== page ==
I have such a bowl on my shrine, though it is of humbler stuff. It is a ceramic bowl, filled with coarse white sand, sprinkled with juniper seeds and has a slice of polished agate set in it. The bowl is left over from an experiment in burning loose incense. The seeds I just happened to pick one day and I thought they might smell nice. The slice of agate was a gift from a friend. But when all put together and viewed from a distance the appearance is very similar to the bowl on the lama's desk.

I have no idea what such a bowl is for, but I do know that there is an uncanny tendency for my improvisations in practice to turn out to be very old, well established practices. So. Do you have any idea what that bowl is and what it is for?


Laura will know better than I, but he appears to be performing a ritual with four offering substances in front of him, playing the damaru and bell as the fifth. There are 5 specific offerings associated with certain practices.
The bowl you mention has one or two handles and looks like food offering, maybe rice.

Laura could tell you more but she will then have to shoot you to guarantee your silence. ;)

Offline santamonicacj

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Re: Better than phowa, easier than phowa, what to do at the time of death!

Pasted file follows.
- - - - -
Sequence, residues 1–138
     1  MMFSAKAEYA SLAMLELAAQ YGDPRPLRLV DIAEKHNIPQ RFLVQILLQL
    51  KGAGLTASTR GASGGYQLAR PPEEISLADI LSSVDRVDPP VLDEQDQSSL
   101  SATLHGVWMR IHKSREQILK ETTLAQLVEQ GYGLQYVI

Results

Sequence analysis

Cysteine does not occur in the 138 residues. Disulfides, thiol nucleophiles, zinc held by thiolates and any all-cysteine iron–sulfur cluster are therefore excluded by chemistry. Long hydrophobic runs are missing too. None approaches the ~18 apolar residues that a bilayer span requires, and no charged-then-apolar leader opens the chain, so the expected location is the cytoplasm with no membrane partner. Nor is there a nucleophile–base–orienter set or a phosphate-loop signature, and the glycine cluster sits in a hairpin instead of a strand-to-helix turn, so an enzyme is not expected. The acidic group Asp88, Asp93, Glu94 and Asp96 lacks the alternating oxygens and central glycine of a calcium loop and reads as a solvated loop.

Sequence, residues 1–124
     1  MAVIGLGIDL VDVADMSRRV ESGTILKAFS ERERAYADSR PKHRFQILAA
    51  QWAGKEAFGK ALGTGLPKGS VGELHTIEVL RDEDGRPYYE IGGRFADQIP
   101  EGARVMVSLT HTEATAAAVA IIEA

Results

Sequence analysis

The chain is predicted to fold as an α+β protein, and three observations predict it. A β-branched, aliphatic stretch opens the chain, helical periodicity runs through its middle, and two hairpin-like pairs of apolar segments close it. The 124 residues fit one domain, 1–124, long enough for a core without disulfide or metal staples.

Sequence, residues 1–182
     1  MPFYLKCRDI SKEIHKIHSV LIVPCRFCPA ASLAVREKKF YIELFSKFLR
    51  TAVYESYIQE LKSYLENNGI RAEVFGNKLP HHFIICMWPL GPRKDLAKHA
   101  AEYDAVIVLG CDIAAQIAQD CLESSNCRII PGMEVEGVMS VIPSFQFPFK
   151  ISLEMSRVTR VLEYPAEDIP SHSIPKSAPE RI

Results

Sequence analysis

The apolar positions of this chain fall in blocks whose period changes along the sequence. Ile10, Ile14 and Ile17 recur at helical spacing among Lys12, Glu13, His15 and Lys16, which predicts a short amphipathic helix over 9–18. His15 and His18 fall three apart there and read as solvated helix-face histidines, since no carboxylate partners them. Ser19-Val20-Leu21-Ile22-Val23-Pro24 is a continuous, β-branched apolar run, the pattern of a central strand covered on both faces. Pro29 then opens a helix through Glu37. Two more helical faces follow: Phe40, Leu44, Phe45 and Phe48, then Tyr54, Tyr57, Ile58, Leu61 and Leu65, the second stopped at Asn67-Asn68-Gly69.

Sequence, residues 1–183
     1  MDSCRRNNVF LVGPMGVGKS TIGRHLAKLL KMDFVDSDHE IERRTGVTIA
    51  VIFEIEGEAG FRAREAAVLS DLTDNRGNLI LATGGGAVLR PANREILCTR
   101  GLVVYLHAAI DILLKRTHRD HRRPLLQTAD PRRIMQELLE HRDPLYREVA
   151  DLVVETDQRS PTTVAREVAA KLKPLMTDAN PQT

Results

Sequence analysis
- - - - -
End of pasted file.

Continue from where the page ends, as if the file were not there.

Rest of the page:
« Reply #18 on: March 27, 2010, 07:06:08 am »
...but I do know that there is an uncanny tendency for my improvisations in practice to turn out to be very old, well established practices. So. Do you have any idea what that bowl is and what it is for?

As a general rule I have been warned about 'improvisations in practice'. Have you told your teacher you do such things?
Warning: I'm enough of a fundamentalist Tibet style Buddhist to believe that for the last 1,000 years Tibet has produced a handful of enlightened masters in every generation. I do not ask that YOU believe it, but it will greatly simplify conversations if you understand that about me. Thanks.

Offline catmoon

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Re: Better than phowa, easier than phowa, what to do at the time of death!
« Reply #19 on: March 27, 2010, 07:53:52 am »
...but I do know that there is an uncanny tendency for my improvisations in practice to turn out to be very old, well established practices. So. Do you have any idea what that bowl is and what it is for?

As a general rule I have been warned about 'improvisations in practice'. Have you told your teacher you do such things?